Culture boss slams door on games tax breaks

Culture boss slams door on games tax breaks

By Rob Crossley

March 28th 2011 at 12:25PM

Yet Jeremy Hunt admits UK needs to stand up to Canada

The man put in charge of the UK’s culture department has broken silence on games industry challenges and has admitted Britain needs help to compete with Canada.

But Jeremy Hunt, the culture secretary, appears to have ruled out any near-term possibility for games development tax breaks.

"I don't know if that was the right way to go,” said Hunt in reference to the Treasury’s decision to cancel plans for games tax relief.

Hunt told the Guardian that Britain “needs to offer the video game industry a package as financially competitive as Canada".

"We need to diversify our economy, replicate some of the success of the city," he said.

Hunt appeared to suggest that these changes should come via "the right regulatory framework".

Chancellor George Osborne announced enhancements to R&D tax credit rates in his “Budget for growth” last week.

Industry associations applauded the move but, based on Tiga’s own data, Develop discovered that the switch from tax breaks to R&D credits means the Coalition Government is investing £159 million less into the UK games industry.

Former chancellor Alistair Darling introduced games tax breaks during his last Budget in office. Yet before the bill was enacted, the Coalition Government axed the plan.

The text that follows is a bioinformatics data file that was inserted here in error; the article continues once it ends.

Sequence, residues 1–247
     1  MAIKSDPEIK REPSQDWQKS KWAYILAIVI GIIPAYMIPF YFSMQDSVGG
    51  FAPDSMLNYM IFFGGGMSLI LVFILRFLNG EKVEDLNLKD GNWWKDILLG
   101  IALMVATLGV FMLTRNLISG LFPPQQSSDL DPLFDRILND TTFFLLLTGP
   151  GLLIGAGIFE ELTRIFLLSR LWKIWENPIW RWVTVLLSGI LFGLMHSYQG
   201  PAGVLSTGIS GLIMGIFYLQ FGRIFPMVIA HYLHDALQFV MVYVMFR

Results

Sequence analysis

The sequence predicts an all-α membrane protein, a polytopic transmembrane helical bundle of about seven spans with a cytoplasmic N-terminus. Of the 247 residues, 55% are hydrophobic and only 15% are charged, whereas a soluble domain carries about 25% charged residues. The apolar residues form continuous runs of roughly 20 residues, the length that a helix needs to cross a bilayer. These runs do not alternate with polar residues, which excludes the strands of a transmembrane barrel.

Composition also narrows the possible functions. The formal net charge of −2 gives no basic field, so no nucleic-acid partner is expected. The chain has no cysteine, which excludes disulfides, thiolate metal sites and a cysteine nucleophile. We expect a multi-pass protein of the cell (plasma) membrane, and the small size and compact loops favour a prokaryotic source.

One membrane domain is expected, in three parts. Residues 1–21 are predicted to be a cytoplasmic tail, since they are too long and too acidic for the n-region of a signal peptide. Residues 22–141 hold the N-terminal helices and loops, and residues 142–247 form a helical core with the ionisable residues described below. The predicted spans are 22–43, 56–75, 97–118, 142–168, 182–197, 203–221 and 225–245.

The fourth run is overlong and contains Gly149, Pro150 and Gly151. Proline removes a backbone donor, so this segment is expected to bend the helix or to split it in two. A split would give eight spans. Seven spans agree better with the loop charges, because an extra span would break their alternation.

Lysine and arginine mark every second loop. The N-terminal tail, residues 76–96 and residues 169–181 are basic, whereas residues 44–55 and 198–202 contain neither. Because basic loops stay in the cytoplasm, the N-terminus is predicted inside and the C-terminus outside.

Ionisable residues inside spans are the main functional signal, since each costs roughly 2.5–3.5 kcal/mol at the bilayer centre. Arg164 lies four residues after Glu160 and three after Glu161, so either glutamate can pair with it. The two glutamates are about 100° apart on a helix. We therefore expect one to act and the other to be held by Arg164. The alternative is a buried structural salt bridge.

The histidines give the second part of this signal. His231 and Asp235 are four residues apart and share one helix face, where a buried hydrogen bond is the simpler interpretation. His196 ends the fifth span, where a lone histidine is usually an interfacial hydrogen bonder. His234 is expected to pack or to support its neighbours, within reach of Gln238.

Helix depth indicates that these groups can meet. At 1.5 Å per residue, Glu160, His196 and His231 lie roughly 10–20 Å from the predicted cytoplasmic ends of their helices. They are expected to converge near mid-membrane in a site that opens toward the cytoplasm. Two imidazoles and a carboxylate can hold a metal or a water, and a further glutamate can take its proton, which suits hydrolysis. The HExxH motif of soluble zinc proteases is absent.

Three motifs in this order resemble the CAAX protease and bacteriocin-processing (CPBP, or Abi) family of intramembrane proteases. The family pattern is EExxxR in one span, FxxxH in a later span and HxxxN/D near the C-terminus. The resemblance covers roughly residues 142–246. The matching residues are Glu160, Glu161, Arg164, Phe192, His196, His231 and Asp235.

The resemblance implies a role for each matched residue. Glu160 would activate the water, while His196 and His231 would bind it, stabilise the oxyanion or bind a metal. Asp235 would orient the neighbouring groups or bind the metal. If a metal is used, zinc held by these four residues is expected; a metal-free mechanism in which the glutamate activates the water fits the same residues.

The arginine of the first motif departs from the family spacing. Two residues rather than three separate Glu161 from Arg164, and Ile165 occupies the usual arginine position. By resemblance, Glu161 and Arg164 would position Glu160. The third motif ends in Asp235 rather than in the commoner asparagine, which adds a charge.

Both the Conservatives and the Liberal Democrats pledged to support games tax breaks in the run-up to the election.

After the tax relief 'snub', industry heavyweights, including Ray Maguire (Sony) and Bobby Kotick (Activision), warned of investment slow-downs shortly afterwards.

Kotick went further and branded the tax break snub a ‘terrible mistake’. 

In the following months Activision made sweeping redundancies across its UK dev workforce – including the closure of Project Gotham studio Bizarre Creations.

Sony has made small reductions to its UK workforce.

The UK games industry is thought employs 9,000 development staff – a nine per cent reduction since October 2008.

The sector contributes £1 billion to the UK economy, yet investment is flooding overseas, particularly to Canada which offers world-leading rates on tax breaks.